And it is not only in the 3rd world where the ‘great and the good’ hand out contraceptives in order to achieve some genocidal type goal….but also in the West where our governments etc seem to despise and loathe their own people and their children.  Ignore their evil offerings and listen to the Church who has the best interests of all humanity at heart.  Sorry Ms Gates….but between you and the Pope…I trust the Pope. You are doing the biddings of those who hate humantiy and that hatred has only one source….and that is in the pits of Hell.

  • Simon Ho

    That’s the wrong question to ask.  Contraceptive devices demean the human sexual act.  No one, therefore, has the right to violate another person’s human dignity by encouraging the use of such dehumanising devices.

    Patrick probably doesn’t understand the difficulties of the woman in such a situation in Africa – if they could abstain from all sexual relations with her husband, then they would have no problems practising Natural Family Planning.  The challenge is to educate the husbands to respect their wives and their bodies – unfortunately, only the Catholic Church is attempting to do this difficult task in witnessing to authentic dignity of men and women.

  • karlf

    From one ejaculation only one sperm out of around 200 million is used in the conception of a child. God planned to waste around 99.999999% of them anyway.

  • ms Catholic state

    Sperm is not a human being….so it doesn’t matter.  Only when fused with an egg at conception does it become a human being ….and then it matters.

  • Acleron

    And then, according to your lot, your god wastes most of those as well.

  • Acleron

    Don’t worry too much about it, your mobile moral suite will eventually join the rest of the human race.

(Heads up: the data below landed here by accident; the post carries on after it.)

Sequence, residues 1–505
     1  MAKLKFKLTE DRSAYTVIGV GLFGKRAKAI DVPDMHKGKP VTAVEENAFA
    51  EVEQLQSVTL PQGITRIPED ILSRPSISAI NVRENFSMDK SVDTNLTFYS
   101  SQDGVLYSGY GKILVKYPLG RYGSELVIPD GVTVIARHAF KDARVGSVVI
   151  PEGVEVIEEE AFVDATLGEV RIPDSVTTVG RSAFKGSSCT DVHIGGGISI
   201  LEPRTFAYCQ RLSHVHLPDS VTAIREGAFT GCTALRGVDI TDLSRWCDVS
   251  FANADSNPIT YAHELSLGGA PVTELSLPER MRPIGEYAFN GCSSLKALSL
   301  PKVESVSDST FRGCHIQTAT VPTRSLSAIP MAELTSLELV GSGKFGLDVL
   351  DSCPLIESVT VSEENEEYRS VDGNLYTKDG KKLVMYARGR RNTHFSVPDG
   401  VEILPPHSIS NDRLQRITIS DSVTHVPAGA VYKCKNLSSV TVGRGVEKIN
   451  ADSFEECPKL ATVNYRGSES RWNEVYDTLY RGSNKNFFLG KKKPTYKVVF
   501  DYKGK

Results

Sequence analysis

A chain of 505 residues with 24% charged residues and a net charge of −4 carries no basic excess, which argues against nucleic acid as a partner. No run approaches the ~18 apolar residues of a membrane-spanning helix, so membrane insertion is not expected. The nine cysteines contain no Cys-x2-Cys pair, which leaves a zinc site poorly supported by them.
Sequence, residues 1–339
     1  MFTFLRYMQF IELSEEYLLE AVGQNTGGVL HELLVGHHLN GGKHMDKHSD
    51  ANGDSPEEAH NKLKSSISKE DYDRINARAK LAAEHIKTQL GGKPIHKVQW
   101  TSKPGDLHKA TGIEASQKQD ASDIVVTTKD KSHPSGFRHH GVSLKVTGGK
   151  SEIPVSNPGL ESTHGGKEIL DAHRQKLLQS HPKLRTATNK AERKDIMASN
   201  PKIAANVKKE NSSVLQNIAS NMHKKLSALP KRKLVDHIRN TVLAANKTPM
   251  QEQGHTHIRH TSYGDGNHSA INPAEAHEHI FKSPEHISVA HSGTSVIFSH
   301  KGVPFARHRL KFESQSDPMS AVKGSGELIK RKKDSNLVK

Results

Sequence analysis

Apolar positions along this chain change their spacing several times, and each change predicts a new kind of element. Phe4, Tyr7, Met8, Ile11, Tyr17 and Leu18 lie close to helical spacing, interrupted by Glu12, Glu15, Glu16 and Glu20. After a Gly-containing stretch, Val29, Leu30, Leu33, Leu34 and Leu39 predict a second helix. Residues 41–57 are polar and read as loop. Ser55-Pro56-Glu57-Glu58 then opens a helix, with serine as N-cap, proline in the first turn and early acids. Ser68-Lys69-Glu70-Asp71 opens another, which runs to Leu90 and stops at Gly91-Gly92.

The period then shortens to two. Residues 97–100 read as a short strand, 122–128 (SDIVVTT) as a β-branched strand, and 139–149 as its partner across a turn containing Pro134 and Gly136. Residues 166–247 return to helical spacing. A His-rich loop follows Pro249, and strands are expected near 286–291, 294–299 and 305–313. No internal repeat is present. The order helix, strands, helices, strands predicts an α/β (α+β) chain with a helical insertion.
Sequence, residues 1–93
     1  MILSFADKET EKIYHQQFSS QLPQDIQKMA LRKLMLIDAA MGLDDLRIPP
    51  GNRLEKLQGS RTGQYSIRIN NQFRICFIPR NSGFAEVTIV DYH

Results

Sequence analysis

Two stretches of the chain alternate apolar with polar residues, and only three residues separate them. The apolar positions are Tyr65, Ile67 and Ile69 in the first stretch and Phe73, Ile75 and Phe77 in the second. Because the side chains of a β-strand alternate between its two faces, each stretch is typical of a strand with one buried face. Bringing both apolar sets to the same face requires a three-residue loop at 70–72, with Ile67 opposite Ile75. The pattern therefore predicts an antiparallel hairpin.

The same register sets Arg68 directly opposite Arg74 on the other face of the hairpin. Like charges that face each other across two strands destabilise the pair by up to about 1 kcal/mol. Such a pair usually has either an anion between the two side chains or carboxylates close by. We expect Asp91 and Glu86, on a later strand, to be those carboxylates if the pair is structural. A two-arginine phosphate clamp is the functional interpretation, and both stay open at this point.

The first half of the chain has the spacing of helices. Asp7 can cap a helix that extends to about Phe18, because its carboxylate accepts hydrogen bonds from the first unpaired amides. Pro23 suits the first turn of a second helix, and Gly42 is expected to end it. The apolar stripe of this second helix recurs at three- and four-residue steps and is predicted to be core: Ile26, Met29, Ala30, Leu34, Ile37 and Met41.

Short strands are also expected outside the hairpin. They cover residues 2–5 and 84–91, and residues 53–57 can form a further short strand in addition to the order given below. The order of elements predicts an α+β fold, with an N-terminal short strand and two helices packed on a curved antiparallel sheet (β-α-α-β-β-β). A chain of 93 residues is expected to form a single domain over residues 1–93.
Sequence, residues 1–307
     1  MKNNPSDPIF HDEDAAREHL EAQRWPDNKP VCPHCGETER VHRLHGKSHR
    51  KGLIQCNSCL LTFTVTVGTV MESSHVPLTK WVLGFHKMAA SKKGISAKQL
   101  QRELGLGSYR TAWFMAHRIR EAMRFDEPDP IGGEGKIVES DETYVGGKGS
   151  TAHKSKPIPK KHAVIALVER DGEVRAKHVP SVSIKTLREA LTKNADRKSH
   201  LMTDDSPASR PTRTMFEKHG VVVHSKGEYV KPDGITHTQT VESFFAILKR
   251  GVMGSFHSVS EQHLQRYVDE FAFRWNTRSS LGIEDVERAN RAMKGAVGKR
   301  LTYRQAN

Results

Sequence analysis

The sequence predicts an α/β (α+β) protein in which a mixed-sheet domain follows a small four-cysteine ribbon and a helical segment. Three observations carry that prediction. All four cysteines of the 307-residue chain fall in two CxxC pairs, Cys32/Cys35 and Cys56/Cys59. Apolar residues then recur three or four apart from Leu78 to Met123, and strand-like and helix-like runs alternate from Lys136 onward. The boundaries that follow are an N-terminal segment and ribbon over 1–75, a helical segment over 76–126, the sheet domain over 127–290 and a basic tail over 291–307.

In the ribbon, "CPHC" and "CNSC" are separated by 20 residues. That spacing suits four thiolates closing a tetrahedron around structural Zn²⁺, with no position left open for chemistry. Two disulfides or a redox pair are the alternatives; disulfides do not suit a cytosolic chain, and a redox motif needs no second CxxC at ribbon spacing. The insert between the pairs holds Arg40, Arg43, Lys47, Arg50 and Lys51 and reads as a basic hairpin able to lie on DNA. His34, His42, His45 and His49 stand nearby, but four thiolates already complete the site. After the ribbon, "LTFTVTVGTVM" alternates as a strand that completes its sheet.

Please try not to cause too much damage while you are catching up.

  • Recusant

    Do you think they are not choosing already? It is such arrogance to think that poor Africans are unwitting naifs who – *ooops* – are accidentally afflicted by another child. Poor people are economic actors like anyone else and where each child is labour, a pension and old-age care rolled into one (as well as a complete blessing), why wouldn’t they choose to have large families?

    People choose to have smaller families when they have other things to fill their time – postgraduate study, or careers or sporting opportunities. Fix those things if you want smaller families.

  • Patrick_Hadley

    I wonder if Simon Ho is celibate, because it did not occur to him that women do not want to abstain permanently from sex with their husbands.

    Anyone with experience of sex, unlike all the Popes, bishops and most theologians, knows that God gave us sex primarily for pleasure, and in doing this increased the unity between two people in a committed relationship. Less than 3% of human sexual intercourse naturally results in a conception, and since 100% of sex acts give great pleasure it is silly to argue that what is a comparatively rare side effect is the primary purpose of sex.

  • Greg

     The problem with the church’s opposition to population control is that its has focused only on the contraception strategy of popcon. The more subtle and insidious ways of population control are the disparaging of marriage, the psychological castration of men, the butchifying of women, both of which eliminate physical attraction and therefore discourages marriage, and the promotion of the gay lifestyle. Courage would mean taking these on as well.

  • JByrne24

    Does FRANCIS PHILLIPS not know that in the UK and all other developed countries (Europe, USA, Canada, Australasia ….etc) some 97% of married CATHOLIC women practise (“artificial” as she would no doubt call it) contraception. 

    So too do the vast majority of unmarried Catholic women.

    To deny it to women in the developing world is madness.

  • JByrne24

    The claim that a zygote is a Human Being is utterly ridiculous.
    St. Thomas Aquinas held that a Human Being with a Soul emerged months after conception. 

  • Oconnord

    “the psychological castration of men, the butchifying of women,”
    Wow you must have really crashed and burned when you asked her out!
    Never mind if she said no to you she must have been a lesbian.

  • Speransgaudebo

    Why do white do-gooders worry so much about the number of dark-skinned people in the world?  It’s an obsession with them.

  • Simon Ho